With the motor running it is time to set the bike upright and finish wiring and connecting the cycle analyst, throttle, 3 position switch and 2 position digital switch. In the photo you can see I used a half twist throttle for more sensitive control – mounted on the right (as on a motorbike) with the switches on the left next to the seat dropper lever. The cycle analyst has many connection wires out the back all of which I used. For temperature monitoring, I hooked up a cycle analyst thermocouple in the motor controller glued in place, testing the BBSHD sensor will come later…its wired just not connected to the CA.

    Battery set-up as a backpack battery. I copied an idea online to prepare my battery connection wire coil. I bought 6 foot long black and red 10 Ga silicone wires, new XT90-s connectors, soldered on the connector at one end, slipped on a 4 ft section of ½” heat shrink tubing and then wrapped the coil of wire with heat shrink as tightly as possible around a section of ½” aluminum tubing. I then used my heat gun to shrink in the heat shrink and while holding the ends of wire tight heated the tube between coils and the full length of the coiled wire in the heat shrink. After it cooled I had a coil with a diameter of about 1 ½” with a bit of spring to it. I think if I had a piece of pipe instead I could have achieved a tighter coil.
    The next phase was the Cycle Analyst set-up and test runs. I input the wheel circumference – measured by diameter, the limits I wanted on power and current, how I wanted the 3 position switch to control: 1 “legal” street mode - with 32 km/h (20mph) speed limit and a 1 Kw power limit, a medium setting with 2 Kw power limit and 50 km/h speed limit (30 mph) and an off-road setting with 3 Kw limit and 80 km/h speed limit (50 mph), the first two modes have been tested, mode 3 not fully yet…needing a bit more off road space….

    With the cycle analyst I did my initial test runs with most settings at default and PAS and throttle worked – just the acceleration on initial pedaling and throttle was too abrupt. Once I also inadvertently hit the 3 position switch before starting into position 3 and as soon as PAS hit – I was in a full acceleration wheelie… leading to a crash and bruised muscles all over…. With more reading on the websites for the Cycle analyst I figured out that one of the default modes I should have changed was the gain – the default was 999 – change this BEFORE test riding!!!!!!!!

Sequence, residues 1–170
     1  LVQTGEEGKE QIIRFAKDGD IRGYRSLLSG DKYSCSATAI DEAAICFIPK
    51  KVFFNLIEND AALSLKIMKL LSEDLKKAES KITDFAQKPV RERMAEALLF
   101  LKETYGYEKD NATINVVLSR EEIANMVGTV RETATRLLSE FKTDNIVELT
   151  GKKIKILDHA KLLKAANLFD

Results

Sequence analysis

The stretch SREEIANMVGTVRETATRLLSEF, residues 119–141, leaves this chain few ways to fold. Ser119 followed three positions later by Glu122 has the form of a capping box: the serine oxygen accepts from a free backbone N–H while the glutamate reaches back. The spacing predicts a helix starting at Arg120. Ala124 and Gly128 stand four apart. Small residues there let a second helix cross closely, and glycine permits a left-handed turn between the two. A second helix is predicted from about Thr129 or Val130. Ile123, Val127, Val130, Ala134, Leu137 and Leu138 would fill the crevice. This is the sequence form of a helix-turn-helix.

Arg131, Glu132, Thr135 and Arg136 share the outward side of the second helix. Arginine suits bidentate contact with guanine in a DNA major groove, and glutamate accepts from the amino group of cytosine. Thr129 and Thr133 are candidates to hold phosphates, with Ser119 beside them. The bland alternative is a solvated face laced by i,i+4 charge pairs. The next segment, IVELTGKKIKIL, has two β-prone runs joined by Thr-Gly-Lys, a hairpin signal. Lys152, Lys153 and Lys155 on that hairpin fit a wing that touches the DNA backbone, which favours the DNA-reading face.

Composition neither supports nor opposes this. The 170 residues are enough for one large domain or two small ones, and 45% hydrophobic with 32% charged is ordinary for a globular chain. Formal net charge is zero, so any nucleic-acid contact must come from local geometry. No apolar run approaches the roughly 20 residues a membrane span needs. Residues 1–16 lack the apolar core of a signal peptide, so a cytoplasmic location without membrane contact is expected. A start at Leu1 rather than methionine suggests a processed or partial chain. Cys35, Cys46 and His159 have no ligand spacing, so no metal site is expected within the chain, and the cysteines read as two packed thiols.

I now have this gain set to 20, but with it at 999 it just meant that I was almost instantly at full power – so no wonder with my battery at 82V and 30 Amps recorded as peak amps I had an inadvertent launch at 2460 watts…yipes. The cycle analyst fortunately allows for analysis of what’s going on so I was able to figure out the settings on my own…this is another reason why kits are nice where these parameters have already been optimized…
    The cycle Analyst Screens show lots of parameters: The Aux A show I have selected the 3 position switch to give me the option of 3 preset “sets” of parameters so my 3 operating modes Legal, medium and off-road. The new beta version of the software allows the digital inputs I currently use for 10 PAS levels. I can elsewhere set what power the 10 levels divide and what rate of ramp up as I pedal faster I can use.




    For the battery hookup – I initially kept the Andersons supplied with the phase runner at in the photo below showing the battery in backpack with connecting coil…
    – and as an advantage they disconnected very easily when I crashed… on the down side they came loose giving low voltage errors when I was riding over bumps, So I have disconnected the Andersons and crimped in the XT90-s directly. I plug in the battery to ride or test and keep it in the backpack ready to go.


    With the wiring all done I used some black spiral wire wrap to hold everything in place and make the installation look neat as can be seen here – with the USB hooked up for tuning adjustments between test runs.

    On the chain wheel side everything looks pretty neat….I like the look of the phase runner there but am considering painting the sides black to blend in and be more stealth.

    Build Price list:
    2002 Ellsworth Dare used $900 Canadian
    Luna order one including shipping $1398.75 US (I haven’t used the Mini Luna yet but could put it on my Wife’s e-bike if she needs more torque on trails).

    Order 2 – after I watched the Luna part 2 BBSHD assembly video that used the Project X bike and said the Luna Eclipse fit the best. $122.95 US


    On Amazon.ca I spent about $75 Canadian for waterproof connectors, silicone wire, heat shrink, crimping tool.
    At the Local Canadian Tire store spent about $20 Canadian for soldering iron tip, solder, putty and other odds and ends.